Part of me wants to have high hopes that DBT therapy will be the magical fix for my non-existent self-esteem. On the other hand, I kind of feel like I’m bad at therapy, considering how I’ve been in therapy for about ten years and am still engaging in a lot of the self-destructive behavior that landed me in therapy in the first place. Time will tell.
“Am I making sense?” I wondered, as I ranted to Chance this evening on the drive back to my house. “It’s just… the Bad Men again. [Coworker] sneaked up on me and [other coworker] was there and I know what he wants to do to me. I just… don’t have enough eyes. Not nearly enough,” I said.
“What happened after [coworker] came up behind you guys?” Chance asked gently.
“That little girl who lost her mom in the store last week,” I began, haltingly. “She was trying to tell me something. She knows.”
“Knows what?” Chance said.
I couldn’t answer him because I did not fully know. Thoughts of “saving the children” and being the “female Jesus” have plagued me for years now. I have this half-baked idea that I am personally responsible for all ills against children all over the world–everything from human trafficking and child brides to illegal child labor and babies born to addicted mothers–and that if I set myself on fire, my pain will take away theirs.
I’ve had psychiatric practitioners poke many, many holes in this idea, but it still remains in my brain. I’ve even been told that the fact that I worry about this proves I am a good, caring person in a world where many turn a blind eye towards these kinds of issues.
Chance and I got back to my house, and I crawled into bed, listening to Henry scream about how to kill my cat and others that I love. I cast my eyes all over the room, scanning the ceiling for anomalies. Like many people with schizophrenia spectrum disorders, I can be very paranoid about cameras, trackers, and other electronic devices that may have been planted by those who wish to harm me. For example, Chance has a fan in his bedroom that has a green light which indicates that the fan is on. I hate that green light. It mocks me, it taunts me, and it watches me. Logically, I know it’s just part of the fan. But sometimes logic abandons me.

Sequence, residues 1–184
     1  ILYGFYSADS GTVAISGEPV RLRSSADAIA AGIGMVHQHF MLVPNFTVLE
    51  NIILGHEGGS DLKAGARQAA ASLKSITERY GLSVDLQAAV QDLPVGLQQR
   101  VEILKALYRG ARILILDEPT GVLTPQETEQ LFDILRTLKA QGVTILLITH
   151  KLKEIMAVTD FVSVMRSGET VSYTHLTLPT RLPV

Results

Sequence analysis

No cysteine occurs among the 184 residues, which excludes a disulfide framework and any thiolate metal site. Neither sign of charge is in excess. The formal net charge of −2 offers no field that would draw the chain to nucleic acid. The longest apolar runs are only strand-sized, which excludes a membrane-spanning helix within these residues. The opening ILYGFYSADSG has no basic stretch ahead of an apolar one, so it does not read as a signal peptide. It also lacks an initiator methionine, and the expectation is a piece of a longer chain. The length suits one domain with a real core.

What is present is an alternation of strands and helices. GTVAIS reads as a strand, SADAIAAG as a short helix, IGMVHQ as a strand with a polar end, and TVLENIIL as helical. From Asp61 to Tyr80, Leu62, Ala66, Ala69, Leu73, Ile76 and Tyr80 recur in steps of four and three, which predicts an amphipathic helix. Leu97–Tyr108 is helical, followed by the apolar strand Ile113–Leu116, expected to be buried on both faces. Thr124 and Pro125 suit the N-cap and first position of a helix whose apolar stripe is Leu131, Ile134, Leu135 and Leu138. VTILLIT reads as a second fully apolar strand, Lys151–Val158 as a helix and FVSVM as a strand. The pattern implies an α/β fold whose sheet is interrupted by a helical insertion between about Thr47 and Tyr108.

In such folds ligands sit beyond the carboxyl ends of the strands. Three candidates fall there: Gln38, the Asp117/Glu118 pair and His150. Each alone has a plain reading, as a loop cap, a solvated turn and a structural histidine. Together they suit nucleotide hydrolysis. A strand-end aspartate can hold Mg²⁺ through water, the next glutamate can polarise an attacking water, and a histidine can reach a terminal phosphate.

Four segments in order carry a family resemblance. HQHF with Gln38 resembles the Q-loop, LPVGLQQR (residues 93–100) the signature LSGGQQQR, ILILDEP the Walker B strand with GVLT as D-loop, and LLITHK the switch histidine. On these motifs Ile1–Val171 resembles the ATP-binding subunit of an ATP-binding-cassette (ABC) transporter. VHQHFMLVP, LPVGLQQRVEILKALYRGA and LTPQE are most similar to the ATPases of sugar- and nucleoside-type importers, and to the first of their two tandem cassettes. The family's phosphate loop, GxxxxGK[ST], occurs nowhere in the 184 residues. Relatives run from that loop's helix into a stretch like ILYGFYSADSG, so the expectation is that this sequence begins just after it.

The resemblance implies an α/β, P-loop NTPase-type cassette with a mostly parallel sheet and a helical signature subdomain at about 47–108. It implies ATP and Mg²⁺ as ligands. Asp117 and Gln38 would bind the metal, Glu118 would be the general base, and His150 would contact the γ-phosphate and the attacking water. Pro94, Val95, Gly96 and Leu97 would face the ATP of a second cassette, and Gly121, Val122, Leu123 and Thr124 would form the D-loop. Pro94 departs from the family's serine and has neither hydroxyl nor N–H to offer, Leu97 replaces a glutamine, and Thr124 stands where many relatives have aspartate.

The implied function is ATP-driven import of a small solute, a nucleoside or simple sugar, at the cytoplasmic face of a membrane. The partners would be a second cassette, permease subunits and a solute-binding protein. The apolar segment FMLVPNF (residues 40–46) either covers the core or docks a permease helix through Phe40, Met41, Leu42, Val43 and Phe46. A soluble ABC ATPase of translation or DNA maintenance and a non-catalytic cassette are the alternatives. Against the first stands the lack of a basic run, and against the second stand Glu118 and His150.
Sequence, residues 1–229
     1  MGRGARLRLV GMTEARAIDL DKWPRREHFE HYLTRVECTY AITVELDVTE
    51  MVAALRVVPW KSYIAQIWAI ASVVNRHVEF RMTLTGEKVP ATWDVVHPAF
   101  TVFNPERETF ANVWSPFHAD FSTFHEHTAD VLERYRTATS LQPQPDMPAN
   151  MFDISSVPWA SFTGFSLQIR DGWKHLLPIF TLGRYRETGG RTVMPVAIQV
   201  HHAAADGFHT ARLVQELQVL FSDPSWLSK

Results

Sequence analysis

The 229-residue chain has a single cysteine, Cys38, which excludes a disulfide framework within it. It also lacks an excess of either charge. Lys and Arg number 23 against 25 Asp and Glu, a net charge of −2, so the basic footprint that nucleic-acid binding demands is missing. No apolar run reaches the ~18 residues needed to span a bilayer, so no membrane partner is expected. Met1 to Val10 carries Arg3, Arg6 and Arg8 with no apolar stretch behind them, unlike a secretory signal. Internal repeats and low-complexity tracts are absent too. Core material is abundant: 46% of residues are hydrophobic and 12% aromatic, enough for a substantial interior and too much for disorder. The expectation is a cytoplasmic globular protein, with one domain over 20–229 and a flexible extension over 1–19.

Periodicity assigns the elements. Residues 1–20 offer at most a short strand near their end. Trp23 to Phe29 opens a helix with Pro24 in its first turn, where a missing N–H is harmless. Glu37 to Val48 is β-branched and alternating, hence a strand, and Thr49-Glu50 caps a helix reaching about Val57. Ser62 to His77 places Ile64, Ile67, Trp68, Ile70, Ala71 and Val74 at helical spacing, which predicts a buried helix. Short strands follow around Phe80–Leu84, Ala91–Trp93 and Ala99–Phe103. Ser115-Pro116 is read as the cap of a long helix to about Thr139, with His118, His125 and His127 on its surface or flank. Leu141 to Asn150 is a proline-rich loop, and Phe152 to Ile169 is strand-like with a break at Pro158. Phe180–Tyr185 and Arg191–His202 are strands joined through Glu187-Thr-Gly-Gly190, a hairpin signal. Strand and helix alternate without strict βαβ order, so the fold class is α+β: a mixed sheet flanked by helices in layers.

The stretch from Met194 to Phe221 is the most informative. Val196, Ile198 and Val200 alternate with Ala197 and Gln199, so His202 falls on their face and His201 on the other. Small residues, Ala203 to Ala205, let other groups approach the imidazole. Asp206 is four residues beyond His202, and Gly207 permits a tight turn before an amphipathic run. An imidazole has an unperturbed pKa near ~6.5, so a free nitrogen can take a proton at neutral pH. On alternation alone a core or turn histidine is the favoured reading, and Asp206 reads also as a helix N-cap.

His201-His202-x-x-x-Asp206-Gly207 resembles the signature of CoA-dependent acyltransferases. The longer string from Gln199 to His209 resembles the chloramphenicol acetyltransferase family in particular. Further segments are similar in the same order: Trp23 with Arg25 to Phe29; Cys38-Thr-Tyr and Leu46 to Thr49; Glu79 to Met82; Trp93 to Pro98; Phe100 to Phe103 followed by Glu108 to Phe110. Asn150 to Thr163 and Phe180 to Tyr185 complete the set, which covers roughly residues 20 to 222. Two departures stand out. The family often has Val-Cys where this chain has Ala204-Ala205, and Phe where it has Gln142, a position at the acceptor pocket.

Psychosis means entertaining every bizarre thought that comes into my head. My cat makes a strange noise? He’s clearly possessed by a demon. A customer gives me a funny look? They’re out to get me. Someone gets into the car next to mine in a parking lot? They’re going to follow me home and kill me. The real kicker is this: most people with disorders like mine and the practitioners who treat us agree that there are very few coping skills we can use to shut off the voices, delusions, and paranoia.
I am very grateful for my parents and Chance, who have taken the necessary time and patience to understand as much as they can about how my brain works (or doesn’t). When I first adopted Archie, he went missing for a day, and I finally found him under the kitchen sink. I was so relieved when I found him because I’d been convinced that Henry had eaten Archie. During the search for the cat, I ran the idea that he’d been eaten by an invisible, talking snake past Chance, who simply replied, “Not possible.” No judgment, no laughter. Just reassurance.
I get the same kind of support from my mom, who encourages me to suit up and show up. She has come with me to countless psychiatrist visits, not to mention arranging a trip to Minnesota so that I could be seen at the Mayo Clinic.
When my mind starts playing tricks on me, telling me “No one will miss you if you’re gone. Nobody needs you, nobody likes you,” I can turn to my parents, my brother Adam, and Chance for evidence that this is not true.
A few weeks ago, I was sobbing in the passenger seat of my mom’s car as we drove the Loop. “I don’t want to die. I just want to stop feeling this way,” I said. I’ve been hospitalized for suicidal ideation more times than I can count. Every time I’m released from the hospital, I always feel glad that I chose not to die.
I can get macabre and self-pitying, thinking about the logistics of the aftermath of my untimely death. Strangely, I thought of my former coworker, Miranda, who I did not even know until recently, reads this blog. I have lost a few friends to suicide, and one to a hit-and-run car crash. I wasn’t especially close with these people, but it still shocked and saddened me when I logged onto social media, expecting to see cat pictures and memes, only to find that someone I once knew was no longer on Earth. So, I thought of Miranda logging on in the morning and seeing a post sandwiched between someone’s selfie and an ad for dog food saying that I’d passed away. She’d receive no explanation, no goodbye, nothing.
That is not the legacy I want to leave behind: a family minus one member, a handful of friends who’d wish they’d reached out more, a congregation at my synagogue who never knew anything was wrong, and a cat without his mommy.
There’s a novel sitting on my computer’s hard drive. There’s another one sitting halfway between my heart and brain. There are two punk concerts in Orlando to which I already have tickets. There is a Spanish class I’m starting in two weeks. There is a boyfriend with whom I want to see the future. There is a cat who needs attention. There are my parents who support me every step of the way. There is my brother’s wedding in a few months. There are plans for my mom and me to travel to Savannah at the end of this month. And most importantly, there is a whole life to live.